"It is something we're going to have to start thinking about," Cuomo told reporters. "The construction of this city did not anticipate these kinds of situations. We are only a few feet above sea level.”

Gore made some headlines after the first presidential debate when he blamed President Obama’s muted performance on a different kind of change in the climate.

"I'm going to say something controversial here," he said to his Current TV roundtable-mates. "Obama arrived in Denver at 2 p.m. today -- just a few hours before the debate started. Romney did his debate prep in Denver. When you go to 5,000 feet, and you only have a few hours to adjust -- I don't know…”

Copyright 2012 ABC News Radio


White House: Obama Has Taken Aggressive Steps to Tackle Climate Change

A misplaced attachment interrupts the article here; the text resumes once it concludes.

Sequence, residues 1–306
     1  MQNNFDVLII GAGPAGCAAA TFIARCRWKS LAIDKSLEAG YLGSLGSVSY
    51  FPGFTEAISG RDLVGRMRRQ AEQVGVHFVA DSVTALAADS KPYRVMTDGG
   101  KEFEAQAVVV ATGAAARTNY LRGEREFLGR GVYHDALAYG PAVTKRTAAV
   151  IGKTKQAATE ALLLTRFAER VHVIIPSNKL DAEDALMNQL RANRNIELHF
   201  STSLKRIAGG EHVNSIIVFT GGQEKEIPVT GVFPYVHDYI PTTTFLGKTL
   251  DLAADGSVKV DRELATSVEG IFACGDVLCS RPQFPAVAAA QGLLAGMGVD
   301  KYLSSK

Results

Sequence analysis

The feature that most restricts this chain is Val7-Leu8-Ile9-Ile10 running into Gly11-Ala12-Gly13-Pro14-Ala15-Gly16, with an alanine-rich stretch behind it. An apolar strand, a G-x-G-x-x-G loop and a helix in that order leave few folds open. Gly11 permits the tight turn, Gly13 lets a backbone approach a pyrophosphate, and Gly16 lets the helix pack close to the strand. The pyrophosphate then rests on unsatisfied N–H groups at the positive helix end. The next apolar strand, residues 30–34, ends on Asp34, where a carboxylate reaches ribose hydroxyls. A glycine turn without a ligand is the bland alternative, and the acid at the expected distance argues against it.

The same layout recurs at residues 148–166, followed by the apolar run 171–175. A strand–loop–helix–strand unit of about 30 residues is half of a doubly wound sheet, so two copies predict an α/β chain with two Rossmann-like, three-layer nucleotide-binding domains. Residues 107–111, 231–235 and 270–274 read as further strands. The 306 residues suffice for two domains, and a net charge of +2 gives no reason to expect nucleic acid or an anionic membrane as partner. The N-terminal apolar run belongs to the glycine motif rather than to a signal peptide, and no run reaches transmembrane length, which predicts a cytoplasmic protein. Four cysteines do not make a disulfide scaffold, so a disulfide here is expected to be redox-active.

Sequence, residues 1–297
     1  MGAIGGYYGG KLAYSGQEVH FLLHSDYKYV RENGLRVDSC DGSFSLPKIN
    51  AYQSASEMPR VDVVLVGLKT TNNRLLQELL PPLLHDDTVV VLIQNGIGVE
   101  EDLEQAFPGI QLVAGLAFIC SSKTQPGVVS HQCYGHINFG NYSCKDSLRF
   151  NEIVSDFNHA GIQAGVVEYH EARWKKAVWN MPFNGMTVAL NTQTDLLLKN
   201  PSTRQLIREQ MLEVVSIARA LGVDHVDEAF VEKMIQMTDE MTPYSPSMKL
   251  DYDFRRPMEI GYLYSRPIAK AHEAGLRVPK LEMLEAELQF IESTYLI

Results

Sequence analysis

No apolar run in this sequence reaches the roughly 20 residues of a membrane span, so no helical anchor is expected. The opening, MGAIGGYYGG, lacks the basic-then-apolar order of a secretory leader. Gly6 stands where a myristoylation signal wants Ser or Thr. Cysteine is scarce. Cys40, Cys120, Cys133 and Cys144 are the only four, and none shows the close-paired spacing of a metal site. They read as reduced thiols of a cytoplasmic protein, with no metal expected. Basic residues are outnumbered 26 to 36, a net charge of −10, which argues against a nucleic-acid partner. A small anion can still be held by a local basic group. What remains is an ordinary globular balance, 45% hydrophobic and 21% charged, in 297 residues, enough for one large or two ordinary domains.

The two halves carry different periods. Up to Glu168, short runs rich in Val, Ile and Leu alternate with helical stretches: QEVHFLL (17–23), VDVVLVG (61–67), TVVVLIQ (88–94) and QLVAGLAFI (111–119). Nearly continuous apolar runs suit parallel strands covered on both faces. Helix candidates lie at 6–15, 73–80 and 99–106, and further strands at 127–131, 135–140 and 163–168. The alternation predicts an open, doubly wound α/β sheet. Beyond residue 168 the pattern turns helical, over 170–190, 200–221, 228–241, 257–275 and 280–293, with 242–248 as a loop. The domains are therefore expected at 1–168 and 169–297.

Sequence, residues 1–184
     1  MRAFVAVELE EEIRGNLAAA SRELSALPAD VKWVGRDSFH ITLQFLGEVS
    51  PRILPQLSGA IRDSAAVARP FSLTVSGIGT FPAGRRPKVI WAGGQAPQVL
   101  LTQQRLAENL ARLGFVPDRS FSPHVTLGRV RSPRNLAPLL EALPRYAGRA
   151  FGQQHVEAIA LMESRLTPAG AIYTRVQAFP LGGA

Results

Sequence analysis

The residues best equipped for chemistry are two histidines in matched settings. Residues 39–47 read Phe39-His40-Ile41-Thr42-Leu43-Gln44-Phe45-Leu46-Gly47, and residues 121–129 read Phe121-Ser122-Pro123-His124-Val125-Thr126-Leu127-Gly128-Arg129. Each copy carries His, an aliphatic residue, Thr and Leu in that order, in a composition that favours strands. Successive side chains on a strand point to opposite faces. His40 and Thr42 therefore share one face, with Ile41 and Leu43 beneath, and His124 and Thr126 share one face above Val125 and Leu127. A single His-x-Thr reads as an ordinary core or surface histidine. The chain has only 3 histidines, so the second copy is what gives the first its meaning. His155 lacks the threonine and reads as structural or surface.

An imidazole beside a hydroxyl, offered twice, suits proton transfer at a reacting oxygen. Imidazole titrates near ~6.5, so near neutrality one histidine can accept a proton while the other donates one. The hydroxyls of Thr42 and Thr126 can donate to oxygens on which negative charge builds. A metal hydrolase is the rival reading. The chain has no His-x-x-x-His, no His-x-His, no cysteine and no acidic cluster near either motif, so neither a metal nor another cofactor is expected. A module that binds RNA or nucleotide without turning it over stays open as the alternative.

Official White House Photo by Pete Souza(WASHINGTON) -- In response to Al Gore’s Rolling Stone essay charging that President Obama “failed to use the bully pulpit to make the case for bold action on climate change,” a White House spokesman tells ABC News that the president “has been clear since day one that climate change poses a threat domestically and globally.”

Gore accused the president of having done little to move the country forward on the issue of climate change.

“President Obama has never presented to the American people the magnitude of the climate crisis. He has simply not made the case for action,” wrote Gore, who won a Nobel Prize in 2007 for his work on climate change.

Not so, says the White House.